200 years ago, one of Britain’s most talented designers was born. Today, his greatest legacy lies hidden in the heart of London. Soul City Wanderer salutes this somewhat forgotten genius, and reveals a rare opportunity to view his seldom seen masterpiece.
Ask any informed group of Londoners to list the city’s greatest architects and you can guarantee the household names that would make up the bulk of the pantheon: From the Stuart period, Inigo Jones, Christopher Wren, Nicholas Hawksmoor. From the Georgian period Robert Adam, William Chambers, John Nash. From the Victorian period, Charles Barry, Augustus Pugin, George Gilbert-Scott. From the post-modern era, Nicholas Grimshaw, Norman Foster, Richard Rogers.
All these deserve a mention, as do many others of renown. However, it is unlikely that the name Matthew Digby Wyatt would crop up. It’s not that the Wyatt family name isn’t well-known to architecture. Extant legacies of James Wyatt, Philip Wyatt, Benjamin Dean Wyatt, Thomas Henry Wyatt and Jeffry Wyatville, are quite visible in London. But poor Matthew’s magnificent contribution is very rarely seen. Hence, he has a low profile which really doesn’t do him justice.
Matthew was born on July 28, 1820, in Rowde, Wiltshire. He trained under his elder brother, Thomas Henry, and endeavoured to become a prominent member of the Wyatt dynasty. Matthew was a multi-talented designer and draughtsman, comfortable blending a wide range of styles. As well as the softer interior aspects such as furniture, wallpaper and carpets, he was keen on the technical side of things, paying special attention to usually forgotten external features such as guttering, joints and girders. In this respect, he was similar to the famous Scottish architect Robert Adam a century before him.
Early in his career, Matthew assisted on the design of Paddington station, but his name on that project was submerged beneath the weight of Isambard Kingdom Brunel’s. Then, in 1851, he was appointed executive secretary for the Great Exhibition. Essentially a showcase for British trade, this was Prince Albert’s hugely successful pet project, held at the Crystal Palace in Hyde Park. When this huge gig ended, Matthew helped oversee the relocation of the exhibition complex to Sydenham. As secretary, it was also Matthew’s role to produce a grand catalogue as a record of the exhibition. The gilded statue of Prince Albert holds a copy in the monument that sits opposite the Royal Albert Hall.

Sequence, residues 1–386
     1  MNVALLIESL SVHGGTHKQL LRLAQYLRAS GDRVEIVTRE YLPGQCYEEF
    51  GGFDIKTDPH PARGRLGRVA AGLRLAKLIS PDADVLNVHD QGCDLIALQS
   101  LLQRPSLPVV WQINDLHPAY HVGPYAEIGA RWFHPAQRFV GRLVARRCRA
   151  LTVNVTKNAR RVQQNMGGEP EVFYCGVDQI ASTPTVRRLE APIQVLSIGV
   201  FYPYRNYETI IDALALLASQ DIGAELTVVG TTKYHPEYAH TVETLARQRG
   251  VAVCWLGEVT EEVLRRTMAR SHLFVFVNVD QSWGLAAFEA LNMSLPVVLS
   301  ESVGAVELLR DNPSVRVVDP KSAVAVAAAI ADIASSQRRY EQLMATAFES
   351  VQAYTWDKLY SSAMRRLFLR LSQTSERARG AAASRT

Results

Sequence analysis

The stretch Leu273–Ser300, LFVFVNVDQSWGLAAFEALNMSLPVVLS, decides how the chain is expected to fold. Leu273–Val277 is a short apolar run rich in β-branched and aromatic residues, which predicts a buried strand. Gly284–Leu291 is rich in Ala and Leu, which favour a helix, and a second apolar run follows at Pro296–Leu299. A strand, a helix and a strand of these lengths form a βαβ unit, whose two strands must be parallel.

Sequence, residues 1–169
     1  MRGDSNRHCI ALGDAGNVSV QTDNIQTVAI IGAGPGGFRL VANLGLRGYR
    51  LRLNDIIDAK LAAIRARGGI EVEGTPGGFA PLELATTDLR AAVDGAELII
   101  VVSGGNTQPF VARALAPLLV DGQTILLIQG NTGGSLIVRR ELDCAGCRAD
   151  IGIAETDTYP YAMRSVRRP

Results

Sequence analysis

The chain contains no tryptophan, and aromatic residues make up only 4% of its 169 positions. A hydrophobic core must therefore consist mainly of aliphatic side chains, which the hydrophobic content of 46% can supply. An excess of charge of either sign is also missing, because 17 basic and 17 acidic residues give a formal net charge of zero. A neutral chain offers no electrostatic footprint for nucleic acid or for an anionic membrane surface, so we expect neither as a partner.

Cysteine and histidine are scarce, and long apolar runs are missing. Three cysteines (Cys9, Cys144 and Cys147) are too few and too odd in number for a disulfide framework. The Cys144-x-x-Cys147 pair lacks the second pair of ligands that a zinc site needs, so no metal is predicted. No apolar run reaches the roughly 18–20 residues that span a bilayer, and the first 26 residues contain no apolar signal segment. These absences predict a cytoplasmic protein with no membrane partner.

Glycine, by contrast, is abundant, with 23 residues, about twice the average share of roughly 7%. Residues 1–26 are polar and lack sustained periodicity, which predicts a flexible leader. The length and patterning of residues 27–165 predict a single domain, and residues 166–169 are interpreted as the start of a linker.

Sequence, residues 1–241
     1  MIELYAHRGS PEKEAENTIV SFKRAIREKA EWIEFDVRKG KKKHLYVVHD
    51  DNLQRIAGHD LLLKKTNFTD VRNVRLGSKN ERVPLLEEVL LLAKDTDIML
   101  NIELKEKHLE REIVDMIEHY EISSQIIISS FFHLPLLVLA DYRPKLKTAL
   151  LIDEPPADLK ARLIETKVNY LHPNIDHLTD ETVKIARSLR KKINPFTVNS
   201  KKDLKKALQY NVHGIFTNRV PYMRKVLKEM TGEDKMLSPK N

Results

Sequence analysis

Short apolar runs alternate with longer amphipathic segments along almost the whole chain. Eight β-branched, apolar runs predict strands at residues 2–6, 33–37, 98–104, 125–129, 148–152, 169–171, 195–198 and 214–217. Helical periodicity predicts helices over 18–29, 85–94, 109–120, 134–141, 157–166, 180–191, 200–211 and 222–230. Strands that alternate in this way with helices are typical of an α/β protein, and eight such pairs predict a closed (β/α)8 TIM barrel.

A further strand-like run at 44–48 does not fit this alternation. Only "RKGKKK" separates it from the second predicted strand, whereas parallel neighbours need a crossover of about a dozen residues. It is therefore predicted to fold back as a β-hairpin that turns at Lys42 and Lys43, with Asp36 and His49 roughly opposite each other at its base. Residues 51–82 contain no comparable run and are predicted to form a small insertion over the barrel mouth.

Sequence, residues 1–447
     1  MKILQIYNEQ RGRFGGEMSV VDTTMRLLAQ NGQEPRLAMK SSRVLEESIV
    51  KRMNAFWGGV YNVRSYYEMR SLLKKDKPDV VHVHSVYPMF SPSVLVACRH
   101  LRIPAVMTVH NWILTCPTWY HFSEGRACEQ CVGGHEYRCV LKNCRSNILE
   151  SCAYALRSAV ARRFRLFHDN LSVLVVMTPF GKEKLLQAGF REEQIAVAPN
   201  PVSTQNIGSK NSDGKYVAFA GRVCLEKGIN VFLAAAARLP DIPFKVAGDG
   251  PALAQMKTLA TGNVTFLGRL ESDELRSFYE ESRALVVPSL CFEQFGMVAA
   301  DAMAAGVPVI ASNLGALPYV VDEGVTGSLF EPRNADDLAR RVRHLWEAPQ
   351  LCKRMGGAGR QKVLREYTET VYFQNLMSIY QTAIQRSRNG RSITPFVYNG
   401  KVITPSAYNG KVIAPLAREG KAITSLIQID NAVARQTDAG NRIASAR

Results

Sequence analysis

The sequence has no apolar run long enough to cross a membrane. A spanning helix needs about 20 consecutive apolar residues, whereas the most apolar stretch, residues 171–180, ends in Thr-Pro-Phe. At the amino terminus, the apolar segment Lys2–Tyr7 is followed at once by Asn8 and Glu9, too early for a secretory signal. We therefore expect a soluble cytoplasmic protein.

In 1855, his meteoric rise saw him appointed secretary of the Royal Institute of British Architects (RIBA). But his reach for the stars set him on a collision course with another stella figure of British Victorian architecture, George Gilbert Scott.
Scott had been given the responsibility for the design of a new government building in Whitehall. It would take the form of a courtyard surrounded by a quadrangle built to house four ministries. Scott was also responsible for the interiors of three of them: The Foreign Office, the Colonial Office and the Home Office.
The fourth ministry was the India Office. The fact that the sub-continent had a ministry of its own, not only demonstrated its position as the ‘jewel in the crown’, but also the government’s triumph in wresting power from the East India Company.
A century before, the EIC’s nabobs had begun taking control of India, first as a trade organisation, then through military strength. The British government was on the outside looking in, effectively powerless. In 1784, the India Act moved the EIC’s administrative base from Bengal to the City of London. In effect, under British law. After the civil uprising of 1857, the Government of India Act replaced the EIC with the new India Office. The Act also saw the administration of India symbolically moved from London’s commercial hub in the City to its political centre in Westminster. There was no doubt that the new headquarters in Whitehall would be a major focus of attention.